Like are you 90% sure of your prediction so 90% of your net worth is tied to shorting Apple?  Are you only 10% sure and 10% tied to shorting Apple?

Are you not shorting Apple at all?

CCCA

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Re: I have $31k in AAPL stock, am I an idiot?
« Reply #94 on: December 19, 2014, 07:41:20 PM »

Fallenour, I can't imagine a universe in which any of that prediction comes true. Certainly not THIS universe.

That's what I was thinking. I'm not in the industry but do follow most AAPL news and fallenours "analysis" seems somewhat suspect.

josstache

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Re: I have $31k in AAPL stock, am I an idiot?
« Reply #95 on: December 19, 2014, 09:36:45 PM »
While one remedy for patent infringement is a ban on the sale of the infringing products, Apple should currently be trading at a discount based on the market consensus on the probability and impact of any such ban.  It follows that Apple is overvalued from the perspective of someone with the material, non-public (i.e. "insider") information that the iPhone 6 and 6 Plus are about to be banned in the US. Depending on how a person came to such information, and their motivations for posting it on a public message board, they could be prosecuted for violating federal securities law.

Fortunately or unfortunately, I don't think we have received any material, non-public information here.

sol

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Re: I have $31k in AAPL stock, am I an idiot?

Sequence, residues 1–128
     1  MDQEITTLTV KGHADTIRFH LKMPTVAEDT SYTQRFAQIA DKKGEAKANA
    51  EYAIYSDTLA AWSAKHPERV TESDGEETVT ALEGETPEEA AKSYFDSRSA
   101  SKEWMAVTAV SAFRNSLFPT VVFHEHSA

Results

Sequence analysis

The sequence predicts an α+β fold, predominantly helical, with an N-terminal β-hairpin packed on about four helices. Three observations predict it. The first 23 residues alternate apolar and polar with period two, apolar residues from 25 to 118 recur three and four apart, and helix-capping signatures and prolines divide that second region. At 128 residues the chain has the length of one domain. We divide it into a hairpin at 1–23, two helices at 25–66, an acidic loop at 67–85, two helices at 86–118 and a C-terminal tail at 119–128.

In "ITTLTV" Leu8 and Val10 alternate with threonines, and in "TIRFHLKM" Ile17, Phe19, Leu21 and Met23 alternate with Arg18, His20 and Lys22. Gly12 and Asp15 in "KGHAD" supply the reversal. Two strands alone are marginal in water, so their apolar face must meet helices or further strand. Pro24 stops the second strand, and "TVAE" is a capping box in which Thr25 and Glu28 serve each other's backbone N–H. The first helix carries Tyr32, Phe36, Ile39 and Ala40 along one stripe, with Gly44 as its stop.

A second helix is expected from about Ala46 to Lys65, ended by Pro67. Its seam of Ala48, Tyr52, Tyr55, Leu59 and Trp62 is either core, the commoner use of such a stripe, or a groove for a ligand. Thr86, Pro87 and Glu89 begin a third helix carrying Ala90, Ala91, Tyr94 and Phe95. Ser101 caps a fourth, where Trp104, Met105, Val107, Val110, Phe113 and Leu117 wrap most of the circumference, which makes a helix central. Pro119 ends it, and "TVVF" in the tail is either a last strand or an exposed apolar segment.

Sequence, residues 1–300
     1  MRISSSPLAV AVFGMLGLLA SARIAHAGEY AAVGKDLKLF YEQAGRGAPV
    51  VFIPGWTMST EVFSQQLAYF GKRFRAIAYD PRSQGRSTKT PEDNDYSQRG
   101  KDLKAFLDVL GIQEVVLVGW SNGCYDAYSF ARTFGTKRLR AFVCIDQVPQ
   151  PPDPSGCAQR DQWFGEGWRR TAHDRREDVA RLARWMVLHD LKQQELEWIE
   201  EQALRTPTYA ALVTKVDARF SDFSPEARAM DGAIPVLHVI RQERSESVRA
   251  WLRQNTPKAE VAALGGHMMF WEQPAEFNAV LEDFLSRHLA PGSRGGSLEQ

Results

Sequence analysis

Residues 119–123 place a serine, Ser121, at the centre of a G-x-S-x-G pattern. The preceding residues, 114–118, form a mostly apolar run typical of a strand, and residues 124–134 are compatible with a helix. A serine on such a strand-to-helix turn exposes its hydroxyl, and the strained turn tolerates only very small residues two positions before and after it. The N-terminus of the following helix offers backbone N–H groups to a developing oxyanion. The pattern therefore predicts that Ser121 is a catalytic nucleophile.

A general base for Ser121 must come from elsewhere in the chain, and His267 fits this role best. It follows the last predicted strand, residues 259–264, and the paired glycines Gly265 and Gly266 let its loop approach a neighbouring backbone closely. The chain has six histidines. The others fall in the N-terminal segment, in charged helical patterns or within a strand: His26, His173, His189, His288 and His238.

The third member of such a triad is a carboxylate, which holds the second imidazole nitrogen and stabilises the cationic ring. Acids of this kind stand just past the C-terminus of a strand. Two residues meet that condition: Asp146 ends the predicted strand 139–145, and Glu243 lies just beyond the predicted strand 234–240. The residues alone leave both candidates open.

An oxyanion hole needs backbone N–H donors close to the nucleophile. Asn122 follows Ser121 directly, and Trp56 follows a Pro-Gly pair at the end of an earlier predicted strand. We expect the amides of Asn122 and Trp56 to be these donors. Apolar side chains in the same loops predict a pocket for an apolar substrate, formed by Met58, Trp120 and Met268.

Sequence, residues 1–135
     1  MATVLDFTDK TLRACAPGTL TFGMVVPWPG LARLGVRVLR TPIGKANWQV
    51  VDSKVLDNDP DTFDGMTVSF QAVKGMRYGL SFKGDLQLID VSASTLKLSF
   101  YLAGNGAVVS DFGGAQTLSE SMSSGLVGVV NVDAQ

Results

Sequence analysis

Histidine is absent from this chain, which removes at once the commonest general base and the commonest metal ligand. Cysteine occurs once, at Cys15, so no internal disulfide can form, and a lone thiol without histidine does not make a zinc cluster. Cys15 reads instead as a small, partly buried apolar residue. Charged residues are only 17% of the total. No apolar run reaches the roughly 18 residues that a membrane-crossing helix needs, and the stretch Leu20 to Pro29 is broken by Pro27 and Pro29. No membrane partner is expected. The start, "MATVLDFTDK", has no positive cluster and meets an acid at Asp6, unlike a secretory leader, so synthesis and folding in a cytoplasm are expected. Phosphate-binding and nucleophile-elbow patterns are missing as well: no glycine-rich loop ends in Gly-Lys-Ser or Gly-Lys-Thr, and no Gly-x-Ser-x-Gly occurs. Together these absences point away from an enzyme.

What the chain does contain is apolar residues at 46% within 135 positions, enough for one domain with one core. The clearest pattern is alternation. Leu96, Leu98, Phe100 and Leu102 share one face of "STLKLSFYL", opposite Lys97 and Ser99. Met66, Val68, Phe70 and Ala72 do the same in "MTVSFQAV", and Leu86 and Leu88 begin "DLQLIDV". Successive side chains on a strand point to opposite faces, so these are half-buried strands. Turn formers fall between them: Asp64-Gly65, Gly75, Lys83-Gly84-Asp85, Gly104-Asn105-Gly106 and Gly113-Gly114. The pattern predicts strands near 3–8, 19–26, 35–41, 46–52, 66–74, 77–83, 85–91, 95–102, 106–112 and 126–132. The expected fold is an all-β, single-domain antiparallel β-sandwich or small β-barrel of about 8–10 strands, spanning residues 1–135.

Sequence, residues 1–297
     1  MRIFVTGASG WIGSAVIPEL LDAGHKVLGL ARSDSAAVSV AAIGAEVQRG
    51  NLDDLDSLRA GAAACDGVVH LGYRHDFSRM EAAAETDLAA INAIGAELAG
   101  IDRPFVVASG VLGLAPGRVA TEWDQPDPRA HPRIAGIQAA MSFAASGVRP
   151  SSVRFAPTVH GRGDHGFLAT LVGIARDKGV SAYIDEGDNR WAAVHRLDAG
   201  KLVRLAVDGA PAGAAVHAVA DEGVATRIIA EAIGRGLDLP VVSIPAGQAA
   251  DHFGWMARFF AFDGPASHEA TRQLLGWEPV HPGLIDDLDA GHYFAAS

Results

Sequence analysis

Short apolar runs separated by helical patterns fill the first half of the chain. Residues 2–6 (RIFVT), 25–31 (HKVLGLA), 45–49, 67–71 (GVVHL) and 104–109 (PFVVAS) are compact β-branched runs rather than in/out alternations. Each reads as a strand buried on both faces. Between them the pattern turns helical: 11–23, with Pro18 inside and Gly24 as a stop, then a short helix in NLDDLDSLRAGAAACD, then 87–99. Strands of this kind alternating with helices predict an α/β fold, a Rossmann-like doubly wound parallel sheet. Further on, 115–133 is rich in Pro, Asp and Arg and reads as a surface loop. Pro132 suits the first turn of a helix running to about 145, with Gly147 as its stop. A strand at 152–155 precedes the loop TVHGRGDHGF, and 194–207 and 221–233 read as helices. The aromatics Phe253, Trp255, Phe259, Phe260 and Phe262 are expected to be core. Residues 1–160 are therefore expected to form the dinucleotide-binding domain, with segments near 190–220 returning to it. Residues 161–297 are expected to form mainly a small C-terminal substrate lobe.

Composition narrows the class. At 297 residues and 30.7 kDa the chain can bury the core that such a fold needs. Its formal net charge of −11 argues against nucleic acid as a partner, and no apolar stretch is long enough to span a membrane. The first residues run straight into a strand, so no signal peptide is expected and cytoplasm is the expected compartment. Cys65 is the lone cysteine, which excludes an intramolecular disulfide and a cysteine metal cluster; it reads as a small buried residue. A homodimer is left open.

« Reply #96 on: December 19, 2014, 10:05:25 PM »
Fortunately or unfortunately, I don't think we have received any material, non-public information here.

Was that a slightly more diplomatic way of saying he's blowing smoke out of his ass?

iamlindoro

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Re: I have $31k in AAPL stock, am I an idiot?
« Reply #97 on: December 19, 2014, 11:18:13 PM »
Fortunately or unfortunately, I don't think we have received any material, non-public information here.

Was that a slightly more diplomatic way of saying he's blowing smoke out of his ass?

Impossible.  He's our resident Tech stock investment guru.  He started a thread that said so.  You guys are gonna feel pretty silly that you didn't short apple and go long Russian Rubles in a few months...

LordSquidworth

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Re: I have $31k in AAPL stock, am I an idiot?
« Reply #98 on: December 22, 2014, 08:58:19 PM »
While one remedy for patent infringement is a ban on the sale of the infringing products, Apple should currently be trading at a discount based on the market consensus on the probability and impact of any such ban.  It follows that Apple is overvalued from the perspective of someone with the material, non-public (i.e. "insider") information that the iPhone 6 and 6 Plus are about to be banned in the US. Depending on how a person came to such information, and their motivations for posting it on a public message board, they could be prosecuted for violating federal securities law.

Fortunately or unfortunately, I don't think we have received any material, non-public information here.

Appl is/has been trading at a discount compared to many of it's competitors and other tech companies.

When someone resorts to "I work in the industry/I know the people in the industry" it's often best to look the other way.

LuckyMe

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Re: I have $31k in AAPL stock, am I an idiot?
« Reply #99 on: December 23, 2014, 08:00:35 AM »
I'm in a similar position with Apple stock I bought 5 years ago that has now increased over 5x in value.  This was back before I started indexing.  However I can't sell because it would incur a big capital gains tax.  If you have shares or Apple or another stock in a tax-advantaged account, you're in an enviable position.